Pumpkin Zeitgeist

October 28, 2014 in Antioxidants, Cooking & Baking Hints, Diabetes, fiber, Health Claims, Mediterranean, Weight Management by Joyce Bunderson

I’m attributing my pumpkin enthusiasm to this cool autumn day and the color splashed in every direction that I gaze. Somehow bright orange pumpkins got inseparably united in my brain with the glory of autumn. Since I moved to the mountain west from my native southern California, autumn has become a big deal.

I’ve only just discovered today that I seem to suffer from some sort of pumpkin mania. I’ve noticed that I’ve written more than once about pumpkins. Two articles that you may want to review or read if you missed them in the past are: Peter, Peter Pumpkin Eater and Autumn Pumpkin Alert. It’s not just their nutrients, versatility, and cost effectiveness, but sharing the joy of autumn’s harvest, got all scrambled up in my mind with the ubiquitous pumpkin. Now lest you think I’m out there by myself, I’ve done a little research and discovered that people all over the place (on the internet, that is) are writing about pumpkins and creating new, versatile and exciting ways to use them. Seriously, how many foods are low calorie, cheap, beautiful, bountiful, and incredibly nourishing? While it may be hyperbole to use a term usually applied to intellectual or cultural fashions or the emergence of an obscure but provocative idea into prominence, I see writings and recipes on the humble pumpkin popping up with great frequency and variety; I’m going to call this a Pumpkin Zeitgeist!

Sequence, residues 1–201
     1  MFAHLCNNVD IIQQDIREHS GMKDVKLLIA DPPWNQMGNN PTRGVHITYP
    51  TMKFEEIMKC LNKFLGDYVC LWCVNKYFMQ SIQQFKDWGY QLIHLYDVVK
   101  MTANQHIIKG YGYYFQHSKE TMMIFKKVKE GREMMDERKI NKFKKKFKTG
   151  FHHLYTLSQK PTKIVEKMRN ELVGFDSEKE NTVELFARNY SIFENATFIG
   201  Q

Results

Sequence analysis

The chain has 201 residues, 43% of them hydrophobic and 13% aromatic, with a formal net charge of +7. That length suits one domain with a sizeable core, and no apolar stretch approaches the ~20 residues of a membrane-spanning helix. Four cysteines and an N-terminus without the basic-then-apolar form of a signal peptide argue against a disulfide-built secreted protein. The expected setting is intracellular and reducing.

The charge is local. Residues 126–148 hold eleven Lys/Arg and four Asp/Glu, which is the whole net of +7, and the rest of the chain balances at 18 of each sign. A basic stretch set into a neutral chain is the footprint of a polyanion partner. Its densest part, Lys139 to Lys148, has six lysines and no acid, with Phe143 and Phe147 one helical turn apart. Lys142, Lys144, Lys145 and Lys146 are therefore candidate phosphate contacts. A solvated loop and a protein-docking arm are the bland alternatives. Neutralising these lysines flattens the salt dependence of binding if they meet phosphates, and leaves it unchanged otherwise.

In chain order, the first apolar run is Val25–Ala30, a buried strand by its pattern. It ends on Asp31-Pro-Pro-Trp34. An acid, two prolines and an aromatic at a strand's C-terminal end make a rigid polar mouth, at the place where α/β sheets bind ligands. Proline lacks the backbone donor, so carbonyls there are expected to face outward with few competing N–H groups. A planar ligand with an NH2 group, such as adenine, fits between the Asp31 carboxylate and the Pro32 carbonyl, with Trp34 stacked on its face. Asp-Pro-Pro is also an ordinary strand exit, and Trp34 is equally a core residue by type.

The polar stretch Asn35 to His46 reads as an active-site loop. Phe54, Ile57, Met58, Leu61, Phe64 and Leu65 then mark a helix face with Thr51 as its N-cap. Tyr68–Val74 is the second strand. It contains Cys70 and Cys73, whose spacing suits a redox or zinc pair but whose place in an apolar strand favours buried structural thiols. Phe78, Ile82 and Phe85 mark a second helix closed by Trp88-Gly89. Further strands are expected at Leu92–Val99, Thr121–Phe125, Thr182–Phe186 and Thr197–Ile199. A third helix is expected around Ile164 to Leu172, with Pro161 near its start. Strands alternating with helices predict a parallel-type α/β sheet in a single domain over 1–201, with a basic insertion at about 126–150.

One of my other articles pointed out that pumpkins are technically fruit – fruit of the vine. We frequently think of them as vegetables; that probably comes from them being part of the group of foods called winter squash. But when you think of fruit, you notice that most fruit is about 80 calories per half cup; but our plump orange friends are only about 25 calories per half-cup. Compare 80 calories for the same standard half-cup volume of most other fruits to 25 for pumpkin – that’s a caloric deal.

Besides being a super low-calorie bargain, don’t forget they’re loaded with fiber; which is why they’re so great for weight management. The fiber keeps the calories down by replacing carbohydrates with zero calories; also, it slows digestion, keeping your blood sugar steady and helping you feel full longer. Pumpkin is loaded with fiber and water. This is the reason it yields so few calories.